The objective of this study was to demonstrate that appropriate targeting and quality monitoring of institutional care of the elderly is possible using person-based information on residents of nursing homes. This cross-sectional study used Minimum Data Set (MDS) assessments of nursing home residents in 6 US states, Copenhagen, Reykjavik, and selected locations in Italy and Japan. The outcome measures were life expectancy at age 65, population over 65, percentage over 65's in nursing homes, and clinical characteristics of nursing home residents from a multinational database of RAI/MDS assessments. We found that Japan has the highest life expectancy, and the second lowest expenditure on health care. The United States has the highest expenditure on health care and intermediate life expectancy. Italy has the highest proportion of population over 65 and the lowest proportion of over 65's in nursing homes. Iceland, a relatively young country, has the highest proportion of Over 65's in nursing homes. Residents in Italy and the United States had the most severe physical, cognitive and clinical characteristics, those in Iceland the least. There was wide variation in markers of quality of care, with no country either uniformly good or bad across multiple measures. In conclusion, headline statistics comparing nations' percentage of Gross Domestic Product (GDP) spent on health care, age structure of the population, percentage of over 65's in nursing homes and clinical characteristics bear no consistent relationship. Local policy and practice also affect quality of care. Standardized assessment enables comparisons at local, national and international levels making possible further research on targeting and the appropriate use of institutional care, thus permitting a range of efficiency measures to be developed to inform policy.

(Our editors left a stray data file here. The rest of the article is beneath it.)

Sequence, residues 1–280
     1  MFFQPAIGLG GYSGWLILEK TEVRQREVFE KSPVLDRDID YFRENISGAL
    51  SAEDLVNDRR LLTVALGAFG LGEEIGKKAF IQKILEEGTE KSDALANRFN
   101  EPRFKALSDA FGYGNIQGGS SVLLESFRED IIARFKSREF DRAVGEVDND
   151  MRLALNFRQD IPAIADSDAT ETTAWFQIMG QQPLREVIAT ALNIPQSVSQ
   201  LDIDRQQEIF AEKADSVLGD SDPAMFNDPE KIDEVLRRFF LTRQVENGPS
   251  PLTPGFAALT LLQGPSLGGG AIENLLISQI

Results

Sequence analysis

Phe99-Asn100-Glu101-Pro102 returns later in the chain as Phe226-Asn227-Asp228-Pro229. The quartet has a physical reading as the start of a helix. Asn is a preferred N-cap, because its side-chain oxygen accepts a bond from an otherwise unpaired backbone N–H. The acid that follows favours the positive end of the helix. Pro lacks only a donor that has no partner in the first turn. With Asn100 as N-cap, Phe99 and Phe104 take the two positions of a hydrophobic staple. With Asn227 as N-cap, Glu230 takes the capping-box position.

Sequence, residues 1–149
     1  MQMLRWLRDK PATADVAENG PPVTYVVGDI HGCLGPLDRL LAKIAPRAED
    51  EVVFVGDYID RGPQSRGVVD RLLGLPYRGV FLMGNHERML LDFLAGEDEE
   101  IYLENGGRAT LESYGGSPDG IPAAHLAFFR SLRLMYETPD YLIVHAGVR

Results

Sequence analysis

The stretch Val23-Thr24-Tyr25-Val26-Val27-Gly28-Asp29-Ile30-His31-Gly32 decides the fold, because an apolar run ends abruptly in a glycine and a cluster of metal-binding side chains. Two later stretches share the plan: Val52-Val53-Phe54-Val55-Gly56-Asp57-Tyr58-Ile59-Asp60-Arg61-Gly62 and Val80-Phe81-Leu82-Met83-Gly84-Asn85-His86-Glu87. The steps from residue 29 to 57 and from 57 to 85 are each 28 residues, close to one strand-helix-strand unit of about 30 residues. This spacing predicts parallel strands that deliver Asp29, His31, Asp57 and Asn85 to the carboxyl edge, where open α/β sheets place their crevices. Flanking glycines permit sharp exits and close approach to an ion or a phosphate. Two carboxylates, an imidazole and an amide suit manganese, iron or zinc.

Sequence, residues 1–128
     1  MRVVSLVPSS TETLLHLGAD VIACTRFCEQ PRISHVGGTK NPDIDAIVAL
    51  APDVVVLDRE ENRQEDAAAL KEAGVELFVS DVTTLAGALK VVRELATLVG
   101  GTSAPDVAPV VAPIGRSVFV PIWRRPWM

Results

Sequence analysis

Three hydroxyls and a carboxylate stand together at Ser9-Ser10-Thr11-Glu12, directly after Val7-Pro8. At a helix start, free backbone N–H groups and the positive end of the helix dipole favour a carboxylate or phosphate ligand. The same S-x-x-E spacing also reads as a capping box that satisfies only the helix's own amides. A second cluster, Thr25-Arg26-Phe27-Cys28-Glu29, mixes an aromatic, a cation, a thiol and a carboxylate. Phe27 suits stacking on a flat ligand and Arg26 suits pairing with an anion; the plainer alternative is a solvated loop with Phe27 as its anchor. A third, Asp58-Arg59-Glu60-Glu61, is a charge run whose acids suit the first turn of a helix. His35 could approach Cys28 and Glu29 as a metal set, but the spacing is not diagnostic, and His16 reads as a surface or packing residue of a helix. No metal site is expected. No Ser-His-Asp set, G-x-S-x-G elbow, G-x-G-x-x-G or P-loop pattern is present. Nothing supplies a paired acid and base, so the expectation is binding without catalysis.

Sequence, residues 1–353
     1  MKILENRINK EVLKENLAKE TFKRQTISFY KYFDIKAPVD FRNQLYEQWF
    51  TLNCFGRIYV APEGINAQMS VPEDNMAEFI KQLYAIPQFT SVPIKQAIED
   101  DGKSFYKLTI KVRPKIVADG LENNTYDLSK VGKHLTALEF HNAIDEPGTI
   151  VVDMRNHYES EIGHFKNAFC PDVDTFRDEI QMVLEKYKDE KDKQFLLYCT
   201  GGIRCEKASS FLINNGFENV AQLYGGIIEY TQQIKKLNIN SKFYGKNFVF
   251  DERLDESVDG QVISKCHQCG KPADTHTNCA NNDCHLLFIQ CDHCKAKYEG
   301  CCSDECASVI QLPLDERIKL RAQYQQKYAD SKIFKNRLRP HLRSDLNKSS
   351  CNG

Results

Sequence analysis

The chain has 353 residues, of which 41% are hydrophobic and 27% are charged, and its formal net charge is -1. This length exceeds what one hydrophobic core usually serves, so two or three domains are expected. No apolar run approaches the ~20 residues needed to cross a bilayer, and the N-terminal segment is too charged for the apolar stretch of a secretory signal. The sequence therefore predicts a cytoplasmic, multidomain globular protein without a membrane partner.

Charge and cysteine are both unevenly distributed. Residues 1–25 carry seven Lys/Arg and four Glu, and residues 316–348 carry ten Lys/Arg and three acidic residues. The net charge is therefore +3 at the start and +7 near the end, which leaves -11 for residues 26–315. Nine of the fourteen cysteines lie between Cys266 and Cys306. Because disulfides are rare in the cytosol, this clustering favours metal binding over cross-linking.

ASJC Scopus subject areas